The Martin Scorsese Best Use of a Song Award:

– Brent McCorkle for “???” by ??? (Unconditional)

– Sarah Polley for “Video Killed The Radio Star” by The Buggles (Take This Waltz)

Zal Batmanglij for “Dreams” by Brit Marling (Sound Of My Voice)

– Ben Affleck for “Dance The Night Away” by Van Halen (Argo)

– Frédéric Jardin for “Another One Bites The Dust” by Queen (Nuit Blanche)

– Leos Carax for “Let My Baby Ride” by Doctor L (Holy Motors)

– Daniel Nettheim for “I’m On Fire” by Bruce Springsteen (The Hunter)

It wouldn’t have won anyway, but I’m sorry I never found out the name of the song from Unconditional. It was a very good use of it, whatever it was. But “Dreams” (originally by The Cranberries) means so many things to Sound Of My Voice.

The Andy Garcia Impossible Shot Award:

– Jennifer Lawrence – Apple(s) (The Hunger Games)

Pierre Gruno – Through the door/through the neck (The Raid ~ Redemption)

– Richard Cabral, Diamonique, Maurice Compte and/or Yahira Garcia – Brian Taylor’s walkie-talkie and camera and nothing else (End Of Watch)

– Adam DeVine – burrito throw (Pitch Perfect)

Things like the burrito throw get overlooked because they are a joke. But please take a moment to think about hitting a person at a gas pump from a moving bus on the road with something as non-ballistic and aerodynamic as flour wrapped rice and beans. Still, The Raid. That shot (both kinds) are stuck in your mind forever.

The John Woo Best Shootout Award:

Gareth Evans (The Raid ~ Redemption)

– Baltasar Kormákur (Contraband)

– Boaz Yakin (Safe)

– Quentin Tarantino (Django Unchained)

– Christopher McQuarrie (Jack Reacher)

– Rian Johnson (Looper)

– David Ayer (End Of Watch)

So many great options. Frentic (End Of Watch, Contraband), exacting (Jack Reacher) ludicrous (Django Unchained), innovative (Safe) and almost entirely imagined (Looper) are all great, but ultimately can’t compete with the simple addition of a guy getting shot, stumbling backward and then returning to the fray.

The William Friedkin Best Car Chase Award:

– Daniel Espinosa (Safe House)

Christopher McQuarrie (Jack Reacher)

Tony Gilroy (The Bourne Legacy)

Eric Darnell, Tom McGrath and Conrad Vernon  (Madagascar 3)

Sam Mendes (Skyfall)

It is a struggle not to give this to yet another animated feature. It seems as if they are cheating. But even though Madagascar 3’s chase is the thing that cements the weird feeling you get that it might actually be great, Jack Reacher wins handily with its deliberate, tiered chase of three factions that all know exactly what they’re doing, scored exclusively by the sound of an engine.

The They Live Best Non-Martial Arts Fight Award:

Doug Glatt vs. Ross Rhea (Goon)

– Eagles vs. Indians (Silver Linings Playbook)

– Joe vs. the yard (Unconditional)

– Zavala vs. Mr. Tre (End Of Watch)

When a whole movie leads up to one confrontation, it really has to deliver. And it does.

The Cast of Nazis from Raiders Of The Lost Ark Award (For worst performance of (an) actor(s) in scenes with special effects):

– Milla Jovovich (Resident Evil: Retribution)

– Nathan Lane (Mirror, Mirror)

Kristen Stewart (Breaking Dawn Part 2)

I only saw a little bit of it, but I think the cast of Underworld: Awakening might actually deserve this award. But for now, Kristen Stewart’s reaction to her unbelievably stupid fast sitting could win this by itself. And it doesn’t have to, because she also chases a deer.

The Talking Pig Award (For the two movies most alike released in the same year):

The Master and Sound Of My Voice

– The Lucky One and People Like Us

The Raid ~ Redemption and Dredd

The Raven and Abraham Lincoln, Vampire Hunter

Mirror, Mirror and Snow White & The Huntsman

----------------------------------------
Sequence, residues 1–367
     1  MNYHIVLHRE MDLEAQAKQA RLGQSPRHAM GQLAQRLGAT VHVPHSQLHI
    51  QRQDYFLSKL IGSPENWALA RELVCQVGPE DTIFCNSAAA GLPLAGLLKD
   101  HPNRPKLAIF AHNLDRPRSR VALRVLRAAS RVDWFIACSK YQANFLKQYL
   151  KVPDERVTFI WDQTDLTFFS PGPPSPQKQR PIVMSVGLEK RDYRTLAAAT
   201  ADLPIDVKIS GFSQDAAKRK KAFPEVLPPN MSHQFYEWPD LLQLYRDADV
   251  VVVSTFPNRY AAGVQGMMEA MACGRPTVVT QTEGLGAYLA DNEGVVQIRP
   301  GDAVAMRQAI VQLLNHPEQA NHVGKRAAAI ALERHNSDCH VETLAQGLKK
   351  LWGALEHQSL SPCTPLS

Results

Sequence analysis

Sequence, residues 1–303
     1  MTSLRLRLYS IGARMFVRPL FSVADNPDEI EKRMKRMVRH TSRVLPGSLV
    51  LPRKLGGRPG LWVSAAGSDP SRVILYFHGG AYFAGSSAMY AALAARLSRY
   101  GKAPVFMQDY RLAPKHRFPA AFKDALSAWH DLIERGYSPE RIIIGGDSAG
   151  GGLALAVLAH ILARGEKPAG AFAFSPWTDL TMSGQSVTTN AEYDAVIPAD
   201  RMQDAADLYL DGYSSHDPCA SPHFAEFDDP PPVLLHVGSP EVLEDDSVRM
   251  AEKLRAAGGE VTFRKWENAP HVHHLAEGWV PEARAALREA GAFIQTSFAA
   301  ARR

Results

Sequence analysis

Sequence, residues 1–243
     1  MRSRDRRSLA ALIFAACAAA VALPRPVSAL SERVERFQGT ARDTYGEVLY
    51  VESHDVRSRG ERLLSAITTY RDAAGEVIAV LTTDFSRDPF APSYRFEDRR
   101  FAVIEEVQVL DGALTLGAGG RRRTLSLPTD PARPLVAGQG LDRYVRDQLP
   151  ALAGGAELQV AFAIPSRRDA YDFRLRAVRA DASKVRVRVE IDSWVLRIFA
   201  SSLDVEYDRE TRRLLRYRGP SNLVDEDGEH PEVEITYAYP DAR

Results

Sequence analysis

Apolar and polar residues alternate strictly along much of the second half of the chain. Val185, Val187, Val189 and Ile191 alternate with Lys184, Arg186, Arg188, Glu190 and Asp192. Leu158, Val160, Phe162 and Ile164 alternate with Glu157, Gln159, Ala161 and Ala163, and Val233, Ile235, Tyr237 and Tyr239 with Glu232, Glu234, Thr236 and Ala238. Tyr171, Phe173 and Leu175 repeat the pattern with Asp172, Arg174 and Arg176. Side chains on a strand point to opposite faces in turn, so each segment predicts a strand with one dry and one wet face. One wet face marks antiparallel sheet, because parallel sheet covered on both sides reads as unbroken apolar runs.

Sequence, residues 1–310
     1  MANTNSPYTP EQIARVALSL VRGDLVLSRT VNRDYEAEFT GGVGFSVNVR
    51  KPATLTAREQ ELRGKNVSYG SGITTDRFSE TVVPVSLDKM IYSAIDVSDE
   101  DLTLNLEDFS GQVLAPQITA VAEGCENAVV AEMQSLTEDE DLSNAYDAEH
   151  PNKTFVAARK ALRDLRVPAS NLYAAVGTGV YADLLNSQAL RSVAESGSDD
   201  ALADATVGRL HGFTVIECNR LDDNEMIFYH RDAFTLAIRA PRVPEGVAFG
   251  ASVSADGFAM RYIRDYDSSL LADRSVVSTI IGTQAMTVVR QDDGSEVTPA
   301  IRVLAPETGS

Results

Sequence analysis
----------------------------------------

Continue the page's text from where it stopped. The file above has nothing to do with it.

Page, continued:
I try to fill this category with red herrings, but it’s always so obvious. How does something like this even happen?

The Mulholland Falls Award (For movie that failed most miserably at being as shocking as it hoped to be):

Life Of Pi

Tim And Eric’s Billion Dollar Movie


For more specifics, see this year’s Most Disappointing Movies list.

The Mulholland Falls Syndrome Award (For the biggest disappointment from the most promising ensemble cast):


– The Dark Knight Rises

Friends With Kids


Even though it isn’t supposed to be included in the decision-making, I would like to throw the director onto the pile as well.

The 1st Annual This Is 40 Award (for supporting cast member(s) most deserving of a sort-of sequel):

– Orozco and Davis (End Of Watch)

– Yettis (Rise Of The Guardians)

– Lucy (Nuit Blanche)

– Lone Wolf (Expendables 2)

– Ricardo “Ranger” Mañoso (One For The Money)

Joey and Angie (Man On A Ledge)

I came up with this category after End Of Watch. So you’d think the all-girl squad car team would take this easily. But I knew it was a good category when I remembered the real winner deserve their own show on USA. An aspiring thief takes his annoying girlfriend on jobs with him. It’s an amazing premise and if the annoying girlfriend is Genesis Rodriguez, it could be one of the funniest new shows on television. That said, Lone Wolf already had his shot and Ranger basically does have his own USA show premiering soon.

The Cecil B. DeMille Award (For best portrayal of oneself):

Kay Epperson (Bernie)

– Megan Fox (The Dictator)

– Norah Jones (Ted)

It was a struggle finding anyone else to nominate this year. Kay Epperson is a really good fake interview, but that prison visit scene is amazing.

The Kevin Costner Worst Accent Award:

– Gavin Mitchell (Tonight You’re Mine)

Elizabeth Banks and Sam Worthington (Man On A Ledge)

– Noel Fisher (Breaking Dawn Part 2)

– Ben Mendelsohn (The Dark Knight Rises)

– Lynn Collins (John Carter)

– Isabel Lucas (Red Dawn)

In a year saturated with terrible accents, I have to go with quantity over quality. Sam Worthington can’t do American to save his life, but has done at least passable British before so I don’t know why this movie couldn’t allow him and actually British Jamie Bell to find some common ground in order to play brothers. But that’s nothing compared to what Elizabeth Banks is doing. Distracting, disgusting and totally unnecessary.

The Meryl Streep Award for Best Accent (Female):

– Emily Blunt (Looper)

– Michelle Williams (Take This Waltz)

– Juno Temple (Killer Joe)

Megalyn Echikonwoke (Damsels In Distress)

– Kylie Min0gue (Holy Motors)

Everyone is really good, but only Megalyn Echikonwoke’s is both a character-making affect and a joke at the same time.

The Jon Voight Award for Best Accent (Male):

– Jason Clarke (Lawless)

Daniel Day-Lewis (Lincoln)

– Liev Schreiber (Goon)

– Michael Wincott (Hitchcock)

– Alex Russell (Chronicle)

It’s much more than an accent, of course, but I can only give what I have.